An often-referenced source for banned passwords is Troy Hunt’s Pwned Passwords. It’s free but far from a comprehensive list. It provides a fraction of leaked passwords available from commercial services with dedicated professional threat researchers focused on the task. Without a more complete list, there is no chance of preventing a previously exposed username-password pair.

Some banned password services don’t even try to collect exposed passwords at all. For example, Microsoft offers a Global Banned Password List, but it is only generated from its own telemetry. That means Microsoft’s Azure Password Protection doesn’t attempt to collect passwords from 3rd party data breaches. This is another free service, so its scope is understandably very limited.

Banned password lists are still valuable. There is always a need to block the most common and easy-to-guess passwords. A limited list may be sufficient if your only concern is password spraying. This is a type of attack where a small list of common passwords is attempted for a large set of users. However, password spraying is only one of many credential attack methods. Attackers can do real damage when they can obtain full compromised credentials.

How To Protect Against Hackers Using Full Credentials

To prevent compromised credential attacks, organizations must know which username and password pairs are compromised and have methods to keep them out of their environment. 

There are three parts to this effort.

  • Organizations need to prevent the reuse of compromised username and password pairs. This is important even when the user has selected a unique password. This requires more than limited banned password lists. There needs to be a way to detect all compromised username and password pairs. There should be no justification for allowing a username and password pair that is exposed.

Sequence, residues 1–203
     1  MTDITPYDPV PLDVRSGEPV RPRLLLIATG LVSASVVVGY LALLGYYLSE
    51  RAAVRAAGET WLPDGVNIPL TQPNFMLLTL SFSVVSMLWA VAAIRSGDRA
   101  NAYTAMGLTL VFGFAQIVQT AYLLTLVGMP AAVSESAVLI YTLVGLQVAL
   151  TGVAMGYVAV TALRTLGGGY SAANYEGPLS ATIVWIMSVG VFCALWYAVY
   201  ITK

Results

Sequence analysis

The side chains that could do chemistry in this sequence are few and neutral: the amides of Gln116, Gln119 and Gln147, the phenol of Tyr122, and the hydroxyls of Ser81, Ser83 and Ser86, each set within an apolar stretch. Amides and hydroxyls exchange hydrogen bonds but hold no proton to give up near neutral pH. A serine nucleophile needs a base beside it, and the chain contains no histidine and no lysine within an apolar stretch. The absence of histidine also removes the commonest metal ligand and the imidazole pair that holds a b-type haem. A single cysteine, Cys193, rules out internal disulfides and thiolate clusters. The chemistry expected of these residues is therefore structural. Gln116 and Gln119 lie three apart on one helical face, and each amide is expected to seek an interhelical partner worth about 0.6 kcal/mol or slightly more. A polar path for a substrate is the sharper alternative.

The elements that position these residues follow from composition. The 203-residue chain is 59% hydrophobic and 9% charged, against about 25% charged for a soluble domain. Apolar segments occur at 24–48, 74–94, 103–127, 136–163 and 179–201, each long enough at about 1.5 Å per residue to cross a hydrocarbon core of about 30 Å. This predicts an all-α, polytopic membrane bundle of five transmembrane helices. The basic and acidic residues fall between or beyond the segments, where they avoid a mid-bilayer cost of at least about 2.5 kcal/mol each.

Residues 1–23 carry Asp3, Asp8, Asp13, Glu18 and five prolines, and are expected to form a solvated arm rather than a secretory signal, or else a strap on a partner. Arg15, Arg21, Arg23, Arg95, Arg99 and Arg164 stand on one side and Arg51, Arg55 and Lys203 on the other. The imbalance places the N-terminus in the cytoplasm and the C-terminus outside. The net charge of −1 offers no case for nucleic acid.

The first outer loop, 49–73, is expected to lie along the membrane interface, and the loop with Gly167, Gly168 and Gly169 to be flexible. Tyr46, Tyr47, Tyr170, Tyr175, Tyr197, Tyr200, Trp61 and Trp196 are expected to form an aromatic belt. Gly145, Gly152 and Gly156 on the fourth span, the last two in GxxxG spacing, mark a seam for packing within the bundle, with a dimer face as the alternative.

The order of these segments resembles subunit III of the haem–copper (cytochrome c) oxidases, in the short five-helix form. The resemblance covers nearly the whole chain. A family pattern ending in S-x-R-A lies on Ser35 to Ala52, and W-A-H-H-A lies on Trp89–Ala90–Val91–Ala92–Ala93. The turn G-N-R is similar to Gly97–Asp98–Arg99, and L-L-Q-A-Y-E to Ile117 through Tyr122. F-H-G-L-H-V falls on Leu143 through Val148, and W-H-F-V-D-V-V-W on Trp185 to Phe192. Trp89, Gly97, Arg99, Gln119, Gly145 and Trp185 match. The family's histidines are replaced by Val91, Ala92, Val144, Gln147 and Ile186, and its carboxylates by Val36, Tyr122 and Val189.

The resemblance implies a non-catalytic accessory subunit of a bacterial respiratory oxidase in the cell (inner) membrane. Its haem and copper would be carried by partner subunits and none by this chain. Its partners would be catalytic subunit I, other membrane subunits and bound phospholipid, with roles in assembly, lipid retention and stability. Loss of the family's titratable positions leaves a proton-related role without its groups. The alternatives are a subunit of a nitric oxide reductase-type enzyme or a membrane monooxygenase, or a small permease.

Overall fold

• Processes are required to continuously monitor and detect when an existing username and password pairs become compromised. The list of the most popular common passwords does change eventually over time. But new exposures happen every day, meaning the database of unsafe username and password pairs changes rapidly. It’s insufficient to wait for a password expiration to re-check credentials against new data breaches.
  • Policies need to define the immediate actions taken when a username and password become compromised. Because it is a more critical vulnerability, a more aggressive response is recommended. NIST suggests not requiring passwords to be changed unless there is evidence of compromise, such as in this case. Finding a username and password pair that is compromised would warrant immediately resetting the password or even disabling the account.

Conclusion

There are many types of password attacks. Password guessing attacks are successful because most people make poor password choices. As NIST requires, organizations need policies that prevent the use of common, easy-to-guess, or previously compromised passwords. However, banned password lists are generally not designed to protect well-chosen username and password pairs. Adequate password protection needs to go beyond banned password lists and detect when the full username and password pair has become exposed.